Donald Trump may be the "king of debt," but his economic advisers say he'll balance the budget in the White House.
Trump plans a massive tax cut for individuals and businesses. It's how he would boost America's sluggish growth. But slashing taxes comes at a cost: the government doesn't take in as much money. The non-partisan Tax Foundation estimates his proposal will reduce government revenues by between $2.6 trillion and $3.9 trillion in the next decade.
But Trump's advisers -- economist Peter Navarro of the University of California-Irvine and private equity investor Wilbur Ross -- say it will be easy to balance the budget.
"The Trump economic plan is much more than just about taxes," Navarro and Ross write in a new analysis released late Sunday night. They argue that groups like the Tax Foundation don't look at the full policy picture.
Trump can balance the budget by doing the following, they claim:
1. Cut government regulations by 10% (details aren't given on which regulations)
2. Eliminate America's $500 billion trade deficit (by renegotiating deals)
3. Expand U.S. energy production (by allowing more drilling and more coal burning)
Trump's plan: is it fiscally conservative?
Once Trump gets these three items done, his economic advisers believe tax revenues will increase because more Americans will have jobs and businesses will generate more profits. They call the overall plan "fiscally conservative" and say it "approaches revenue neutrality."
The campaign's estimates may be very optimistic, according to other experts who have looked at Trump's plans.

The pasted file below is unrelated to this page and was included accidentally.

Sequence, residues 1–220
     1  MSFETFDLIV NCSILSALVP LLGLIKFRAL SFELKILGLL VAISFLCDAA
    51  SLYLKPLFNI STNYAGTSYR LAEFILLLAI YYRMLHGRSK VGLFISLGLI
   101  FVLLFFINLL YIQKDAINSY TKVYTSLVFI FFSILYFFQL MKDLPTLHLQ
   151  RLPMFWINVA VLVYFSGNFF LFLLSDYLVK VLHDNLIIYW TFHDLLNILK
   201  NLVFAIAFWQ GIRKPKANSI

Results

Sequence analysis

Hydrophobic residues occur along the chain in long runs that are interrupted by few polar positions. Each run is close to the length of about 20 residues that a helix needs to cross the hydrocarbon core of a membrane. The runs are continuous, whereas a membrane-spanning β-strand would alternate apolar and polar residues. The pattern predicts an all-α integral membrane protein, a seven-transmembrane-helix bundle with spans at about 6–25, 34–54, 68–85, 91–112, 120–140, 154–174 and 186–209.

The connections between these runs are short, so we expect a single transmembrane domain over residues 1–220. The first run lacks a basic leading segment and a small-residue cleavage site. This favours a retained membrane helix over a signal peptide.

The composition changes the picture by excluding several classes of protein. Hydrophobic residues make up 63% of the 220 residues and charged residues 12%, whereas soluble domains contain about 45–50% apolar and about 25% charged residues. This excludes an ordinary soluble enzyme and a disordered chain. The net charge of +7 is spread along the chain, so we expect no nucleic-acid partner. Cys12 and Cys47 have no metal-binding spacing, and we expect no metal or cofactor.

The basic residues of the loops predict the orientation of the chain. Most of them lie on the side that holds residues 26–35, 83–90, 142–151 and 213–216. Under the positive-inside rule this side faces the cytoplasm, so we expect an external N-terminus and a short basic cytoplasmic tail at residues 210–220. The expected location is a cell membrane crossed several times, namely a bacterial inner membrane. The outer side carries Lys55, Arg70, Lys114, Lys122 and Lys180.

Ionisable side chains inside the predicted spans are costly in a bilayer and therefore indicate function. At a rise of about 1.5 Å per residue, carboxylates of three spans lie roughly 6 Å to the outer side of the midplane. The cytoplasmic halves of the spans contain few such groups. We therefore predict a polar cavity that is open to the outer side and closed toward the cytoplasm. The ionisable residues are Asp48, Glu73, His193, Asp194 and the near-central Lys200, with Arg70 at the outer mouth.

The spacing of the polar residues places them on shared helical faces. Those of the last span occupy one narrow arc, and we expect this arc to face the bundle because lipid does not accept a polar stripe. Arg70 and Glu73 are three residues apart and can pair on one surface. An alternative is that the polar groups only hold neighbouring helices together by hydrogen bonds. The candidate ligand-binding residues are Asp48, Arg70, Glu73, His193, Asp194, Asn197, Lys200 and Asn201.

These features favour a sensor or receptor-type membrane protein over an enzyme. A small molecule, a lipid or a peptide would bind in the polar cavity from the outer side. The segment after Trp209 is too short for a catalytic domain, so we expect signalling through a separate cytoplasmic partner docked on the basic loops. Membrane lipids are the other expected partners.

For example, the Tax Foundation says the tax plan alone could cost as much as $3.9 trillion, if all businesses -- big and small -- get taxed at the lowest 15% rate that Trump has proposed. This estimate includes the plan's effect on U.S. economic growth.
"Even if you go to $3.9 trillion number, you are still only a trillion off, which given the size of the U.S. budget is still fiscally responsible," Navarro told CNNMoney. He pointed to how the debt doubled from about $10 trillion to nearly $20 trillion during the Obama administration.
But many businesses leaders and experts say Trump's plans would be a disaster for the economy, sending the U.S. plunging into a recession and running up the debt.
Critics say Trump's plan would be a disaster
Doug Holtz-Eakin, head of the American Action Forum and a former economic adviser to Republican John McCain, has called Trump's plans "wildly implausible at best."
Oxford Economics says Trump's economic, tax and immigration policies would cost 4 million jobs, spark a trade war and tank the American economy.
Moody Analytics says Trump's plans will kill 3.5 million jobs and cause a recession that would last longer than the Great Recession. Moody's is especially critical of Trump's plan to deport 11 million undocumented immigrants, which Moody's says would hurt the economy.
Republican business leaders Mitt Romney and Meg Whitman say Trump is a "phony" who will sink the economy by causing a trade war, increasing the debt and constantly saying things that alarm businesses and foreign governments.
It's all about the details
The latest analysis from Trump's economic team doesn't mention anything about immigration. It doesn't address how the country would pay for mass deportations or how the economy would deal with the loss of so many workers in a short time frame.
"We see that as a wash in terms of economic impact," Navarro says.
It also doesn't mention the fact that oil and gas prices are already at very low levels. Lowering them more has actually been a negative for the economy in recent months since energy companies can't make money when the price falls below $40 to $50 a barrel (oil is currently trading in that range).
As for claims that Trump would start a trade war with his plans to put hefty tariffs on goods coming from China, Mexico and elsewhere, his economic advisers argue that America is already in one.
"Those who suggest that Trump trade policies will ignite a trade war ignore the fact that we are already engaged in a trade war. It is a war in which the American government has surrendered before engaging," write Navarro and Wilbur.